Peter F. Rothermel. "The United States Senate, A.D. 1850."
Philadelphia: John M. Butler and Alfred Long, 1855. 29 1/2 x 37 1/2 (platemarks) plus all margins. Engraving by R. Whitechurch. Minor wear on side of Clay's face and the group of men directly behind him. Small expertly repaired tears in the faces of the men just in front of Clay. Otherwise, incredibly good condition for a large separately issued print. Strong strike and even impression.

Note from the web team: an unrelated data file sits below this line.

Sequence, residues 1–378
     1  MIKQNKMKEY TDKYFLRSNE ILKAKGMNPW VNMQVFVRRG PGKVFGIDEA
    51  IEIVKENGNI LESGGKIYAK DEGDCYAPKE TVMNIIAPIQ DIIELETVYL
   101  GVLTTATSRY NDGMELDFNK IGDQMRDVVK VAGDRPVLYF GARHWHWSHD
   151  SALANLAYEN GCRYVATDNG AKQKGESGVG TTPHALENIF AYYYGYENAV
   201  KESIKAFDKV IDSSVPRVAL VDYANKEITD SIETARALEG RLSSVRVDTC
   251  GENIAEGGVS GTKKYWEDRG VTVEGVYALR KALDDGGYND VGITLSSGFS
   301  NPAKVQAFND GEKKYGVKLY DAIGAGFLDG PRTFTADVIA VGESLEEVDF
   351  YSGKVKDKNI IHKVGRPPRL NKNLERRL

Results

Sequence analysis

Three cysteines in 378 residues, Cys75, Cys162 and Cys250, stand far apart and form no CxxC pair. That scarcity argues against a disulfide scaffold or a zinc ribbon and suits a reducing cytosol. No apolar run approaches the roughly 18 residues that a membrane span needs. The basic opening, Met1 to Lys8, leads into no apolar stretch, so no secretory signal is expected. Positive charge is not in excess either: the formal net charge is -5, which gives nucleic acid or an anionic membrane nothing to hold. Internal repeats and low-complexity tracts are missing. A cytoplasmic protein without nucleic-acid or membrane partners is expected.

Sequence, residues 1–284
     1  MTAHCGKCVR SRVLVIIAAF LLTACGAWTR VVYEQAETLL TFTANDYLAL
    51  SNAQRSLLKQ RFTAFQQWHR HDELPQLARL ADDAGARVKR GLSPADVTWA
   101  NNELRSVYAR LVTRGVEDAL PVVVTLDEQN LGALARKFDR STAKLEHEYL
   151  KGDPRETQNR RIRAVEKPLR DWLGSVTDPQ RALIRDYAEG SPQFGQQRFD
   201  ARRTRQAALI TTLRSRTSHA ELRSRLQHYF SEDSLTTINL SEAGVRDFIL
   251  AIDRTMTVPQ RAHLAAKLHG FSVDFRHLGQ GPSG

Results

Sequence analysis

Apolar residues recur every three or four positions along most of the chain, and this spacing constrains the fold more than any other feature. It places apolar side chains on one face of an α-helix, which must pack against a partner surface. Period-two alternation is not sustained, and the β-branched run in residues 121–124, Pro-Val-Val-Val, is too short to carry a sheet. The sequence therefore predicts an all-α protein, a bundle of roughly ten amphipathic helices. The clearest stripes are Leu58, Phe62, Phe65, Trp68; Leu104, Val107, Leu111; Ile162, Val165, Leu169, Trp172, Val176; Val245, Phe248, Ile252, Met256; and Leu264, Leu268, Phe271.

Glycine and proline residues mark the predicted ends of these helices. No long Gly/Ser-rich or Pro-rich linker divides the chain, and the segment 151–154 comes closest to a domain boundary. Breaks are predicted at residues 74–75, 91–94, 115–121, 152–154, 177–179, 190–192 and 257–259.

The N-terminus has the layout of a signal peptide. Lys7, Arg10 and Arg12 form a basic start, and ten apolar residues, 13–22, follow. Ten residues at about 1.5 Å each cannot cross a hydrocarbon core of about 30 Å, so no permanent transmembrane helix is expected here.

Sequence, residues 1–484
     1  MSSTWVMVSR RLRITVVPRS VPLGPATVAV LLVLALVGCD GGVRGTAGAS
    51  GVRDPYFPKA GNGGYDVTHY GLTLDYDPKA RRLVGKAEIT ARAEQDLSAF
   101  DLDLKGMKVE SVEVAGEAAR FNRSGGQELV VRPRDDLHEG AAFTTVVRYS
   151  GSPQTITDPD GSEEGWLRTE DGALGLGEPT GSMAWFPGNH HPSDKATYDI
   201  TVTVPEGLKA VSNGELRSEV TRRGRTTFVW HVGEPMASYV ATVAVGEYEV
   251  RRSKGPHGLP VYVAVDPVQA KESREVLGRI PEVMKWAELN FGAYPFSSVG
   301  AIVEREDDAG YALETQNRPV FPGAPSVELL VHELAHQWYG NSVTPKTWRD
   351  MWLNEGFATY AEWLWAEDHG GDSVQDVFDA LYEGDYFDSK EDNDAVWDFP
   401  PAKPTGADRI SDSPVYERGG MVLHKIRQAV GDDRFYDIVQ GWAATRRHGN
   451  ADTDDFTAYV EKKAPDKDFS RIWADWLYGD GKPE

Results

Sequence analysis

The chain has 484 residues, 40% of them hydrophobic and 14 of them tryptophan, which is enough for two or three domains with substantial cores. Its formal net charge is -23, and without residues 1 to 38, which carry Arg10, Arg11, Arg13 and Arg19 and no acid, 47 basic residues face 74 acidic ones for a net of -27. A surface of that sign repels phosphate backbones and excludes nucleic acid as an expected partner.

A dramatic print of Rothermel's painting featuring Henry Clay addressing the Senate. The event depicted here is Clay's argument for the "Compromise of 1850" or the "California compromise," to admit California into the Union as a free state in an attempt to prevent what became the American Civil War. Details of the Old Senate Chamber and the august members of the Senate, including Daniel Webster, John C. Calhoun and Thomas Hart Benton, are sharp, down to the patterned carpet and draperies behind the president's chair, where Vice President Millard Fillmore is seated. The faces are accurate because Rothermel used daguerreotypes of the major figures in his painting. This print's crowded gallery, and the seriousness of expression in its subjects pay fitting tribute to Clay, the orator and statesman, as he made an historically important argument just two years before his death. One of the best American political prints of the nineteenth century.